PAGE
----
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Biden acts to better protect Americans' personal data such as health records and finances

WASHINGTON (AP) — President Joe Biden is signing an executive order aimed at better protecting Americans' personal data on everything from biometrics and health records to finances and geolocation from foreign adversaries like China and Russia.

The move allows the Department of Justice and other federal agencies to take steps to prevent the large-scale transfer of Americans’ personal data to what the White House calls “countries of concern.” The goal is to do so without limiting legitimate commerce around data, senior Biden administration officials said on a call with reporters.

Biden's move targets commercial data brokers, the sometimes shadowy companies that traffic in personal data and that officials say may sell information to foreign adversaries or U.S. entities controlled by those countries.

Most eventual enforcement mechanisms still have to clear complicated and often monthslong rulemaking processes. Still, the administration hopes eventually to limit foreign entities, as well as foreign-controlled companies operating in the U.S., that might otherwise improperly collect sensitive data, the senior officials said.

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Data brokers are legal in the U.S. and collect and categorize personal information, usually to build profiles on millions of Americans that the brokers then rent or sell.

The officials said activities like computer hacking are already prohibited in the U.S., but that buying potentially sensitive data through brokers is legal. That can represent a key gap in the nation’s national security protections when data is sold to a broker knowing it could end up in the hands of an adversary — one the administration now aims to close with the president's executive action.

“Bad actors can use this data to track Americans, including military service members, pry into their personal lives, and pass that data on to other data brokers and foreign intelligence services,” the White House wrote in a fact sheet announcing the move. “This data can enable intrusive surveillance, scams, blackmail, and other violations of privacy.”

The order directs the Department of Justice to issue regulations that establish protections for Americans’ sensitive personal data, as well as sensitive government-related data — including geolocation information on sensitive government sites and members of the military.

Justice officials also plan to work with Homeland Security officials to build safety standards to prevent foreign adversaries from collecting data. It will further attempt better checks to ensure that federal grants going to various other agencies, including the departments of Defense and Veterans Affairs, aren’t used to facilitate Americans’ sensitive data flowing to foreign adversaries or to U.S. companies aligned with them.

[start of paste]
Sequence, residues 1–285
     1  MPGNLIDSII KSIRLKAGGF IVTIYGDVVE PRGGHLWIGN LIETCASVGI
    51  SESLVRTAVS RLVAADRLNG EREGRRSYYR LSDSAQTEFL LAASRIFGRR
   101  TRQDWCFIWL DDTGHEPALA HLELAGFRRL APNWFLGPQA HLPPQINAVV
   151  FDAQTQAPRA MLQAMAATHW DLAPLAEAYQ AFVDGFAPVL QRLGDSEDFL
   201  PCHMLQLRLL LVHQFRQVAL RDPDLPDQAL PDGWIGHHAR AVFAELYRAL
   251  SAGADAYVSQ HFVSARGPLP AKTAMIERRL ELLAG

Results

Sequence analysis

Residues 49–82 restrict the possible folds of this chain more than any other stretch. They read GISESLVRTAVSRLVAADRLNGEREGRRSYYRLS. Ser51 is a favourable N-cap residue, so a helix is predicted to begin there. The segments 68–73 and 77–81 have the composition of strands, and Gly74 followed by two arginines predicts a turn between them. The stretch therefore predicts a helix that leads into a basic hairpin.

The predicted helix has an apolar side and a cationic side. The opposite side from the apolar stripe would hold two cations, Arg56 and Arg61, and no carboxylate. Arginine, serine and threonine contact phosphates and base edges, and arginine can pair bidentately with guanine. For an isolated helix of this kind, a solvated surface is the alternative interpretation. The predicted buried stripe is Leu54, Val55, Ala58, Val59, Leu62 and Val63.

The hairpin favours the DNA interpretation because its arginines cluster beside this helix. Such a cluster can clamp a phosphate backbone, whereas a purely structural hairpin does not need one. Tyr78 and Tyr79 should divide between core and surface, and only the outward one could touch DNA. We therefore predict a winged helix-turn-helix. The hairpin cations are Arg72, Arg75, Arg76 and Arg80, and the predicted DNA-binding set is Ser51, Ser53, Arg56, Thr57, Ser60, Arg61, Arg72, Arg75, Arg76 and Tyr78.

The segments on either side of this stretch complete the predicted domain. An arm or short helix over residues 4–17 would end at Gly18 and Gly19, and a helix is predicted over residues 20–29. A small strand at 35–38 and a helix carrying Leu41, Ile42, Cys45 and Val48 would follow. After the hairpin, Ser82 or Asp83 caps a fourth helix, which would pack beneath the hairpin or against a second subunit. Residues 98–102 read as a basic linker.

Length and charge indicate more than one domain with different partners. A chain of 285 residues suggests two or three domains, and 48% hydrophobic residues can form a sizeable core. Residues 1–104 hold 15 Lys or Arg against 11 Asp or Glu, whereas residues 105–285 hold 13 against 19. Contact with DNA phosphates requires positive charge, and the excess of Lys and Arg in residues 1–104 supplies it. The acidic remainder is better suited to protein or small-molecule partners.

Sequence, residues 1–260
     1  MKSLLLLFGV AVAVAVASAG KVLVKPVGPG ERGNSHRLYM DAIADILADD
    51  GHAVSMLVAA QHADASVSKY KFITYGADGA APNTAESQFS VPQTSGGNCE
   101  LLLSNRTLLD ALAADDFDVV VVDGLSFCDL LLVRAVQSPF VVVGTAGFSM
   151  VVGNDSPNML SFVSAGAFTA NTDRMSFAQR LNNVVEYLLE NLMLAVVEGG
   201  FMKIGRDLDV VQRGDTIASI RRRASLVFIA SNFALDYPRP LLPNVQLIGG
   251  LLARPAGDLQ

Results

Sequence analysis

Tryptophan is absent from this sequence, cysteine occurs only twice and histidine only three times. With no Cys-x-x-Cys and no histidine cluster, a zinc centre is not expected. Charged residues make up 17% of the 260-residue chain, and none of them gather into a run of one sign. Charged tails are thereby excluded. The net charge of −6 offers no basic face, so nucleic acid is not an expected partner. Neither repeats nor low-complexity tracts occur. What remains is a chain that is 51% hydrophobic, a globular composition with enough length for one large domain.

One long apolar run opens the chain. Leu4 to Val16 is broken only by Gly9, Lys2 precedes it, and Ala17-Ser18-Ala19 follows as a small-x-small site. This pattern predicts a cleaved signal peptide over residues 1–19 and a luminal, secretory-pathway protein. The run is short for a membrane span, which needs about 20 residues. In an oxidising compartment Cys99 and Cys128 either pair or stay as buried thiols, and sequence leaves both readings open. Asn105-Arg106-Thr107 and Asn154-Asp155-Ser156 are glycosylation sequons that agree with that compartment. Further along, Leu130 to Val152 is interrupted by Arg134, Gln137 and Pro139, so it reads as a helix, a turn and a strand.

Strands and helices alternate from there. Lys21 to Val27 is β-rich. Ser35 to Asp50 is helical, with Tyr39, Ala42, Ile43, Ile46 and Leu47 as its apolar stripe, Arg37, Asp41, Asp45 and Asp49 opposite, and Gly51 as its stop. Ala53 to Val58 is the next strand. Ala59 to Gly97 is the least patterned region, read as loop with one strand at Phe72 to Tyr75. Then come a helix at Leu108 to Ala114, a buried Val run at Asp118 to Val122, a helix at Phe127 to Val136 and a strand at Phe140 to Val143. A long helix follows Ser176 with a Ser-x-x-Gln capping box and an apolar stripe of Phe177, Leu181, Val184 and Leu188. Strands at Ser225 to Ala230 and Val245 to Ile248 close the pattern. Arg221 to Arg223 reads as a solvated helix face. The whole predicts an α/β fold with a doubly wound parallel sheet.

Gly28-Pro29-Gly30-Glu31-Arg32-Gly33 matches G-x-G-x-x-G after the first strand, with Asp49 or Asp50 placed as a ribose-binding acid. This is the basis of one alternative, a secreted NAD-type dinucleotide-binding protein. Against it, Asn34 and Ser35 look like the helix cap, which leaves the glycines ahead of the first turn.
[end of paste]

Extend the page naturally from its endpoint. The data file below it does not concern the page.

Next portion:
The senior administration officials said they were concerned about China, Russia, North Korea, Iran, Cuba and Venezuela. But it is China — and TikTok, which has over 150 million American users and is a wholly owned subsidiary of Chinese technology firm ByteDance Ltd. — that U.S. leaders have been most vocal about.

Asked on Wednesday if the Biden administration is worried about TikTok when it comes to trafficking sensitive data, White House press secretary Karine Jean-Pierre responded, “We do have concerns — that’s why we put out" the executive order. But she also added that it “does not cover any one company.”

Rep. Mike Gallagher, a Wisconsin Republican who chairs the House Select Committee on the Chinese Communist Party, recently noted, “There’s no such thing as a private business in China.”

The senior administration officials stressed that the executive action was designed to work in conjunction with legislative action. So far, however, numerous bills seeking to establish federal privacy protections have failed to advance in Congress. Jean-Pierre said the White House would like to see Congress also impose new protections, but declined to discuss what that might look like or when it could be approved.

Albert Fox Cahn, a Harvard fellow and executive director of the nonprofit Surveillance Technology Oversight Project, said the order doesn’t address the core issue of Americans’ exposure to rampant data collection by industry and government -- and the absence of a federal privacy law.

“For most Americans, the country of greatest concern on surveillance is the U.S. Americans are tracked every day by an increasingly invasive array of private data brokers and government agencies, transforming nearly every aspect of our digital lives into a marketing and policing tools,” he said.

“This executive order will do almost nothing to address the real privacy needs that most Americans have, and continues to conflate surveillance capitalism with foreign surveillance. Only in Washington, does privacy once again get misunderstood as a foreign threat, rather than a domestic industry,” he added. “None of this is a substitute for the civil rights and privacy protections the public so desperately needs.”

But Vienna-based privacy researcher Wolfie Christl called the executive order “a good first step” that may force a number of data-collection and trafficking companies "to rethink their data practices at a more fundamental level. Otherwise, they may not be able to comply."

“The executive order may help to fix some of the most pressing issues regarding national security in the US, but leaves many other problems unaddressed,” he said.

Will Weissert And Barbara Ortutay, The Associated Press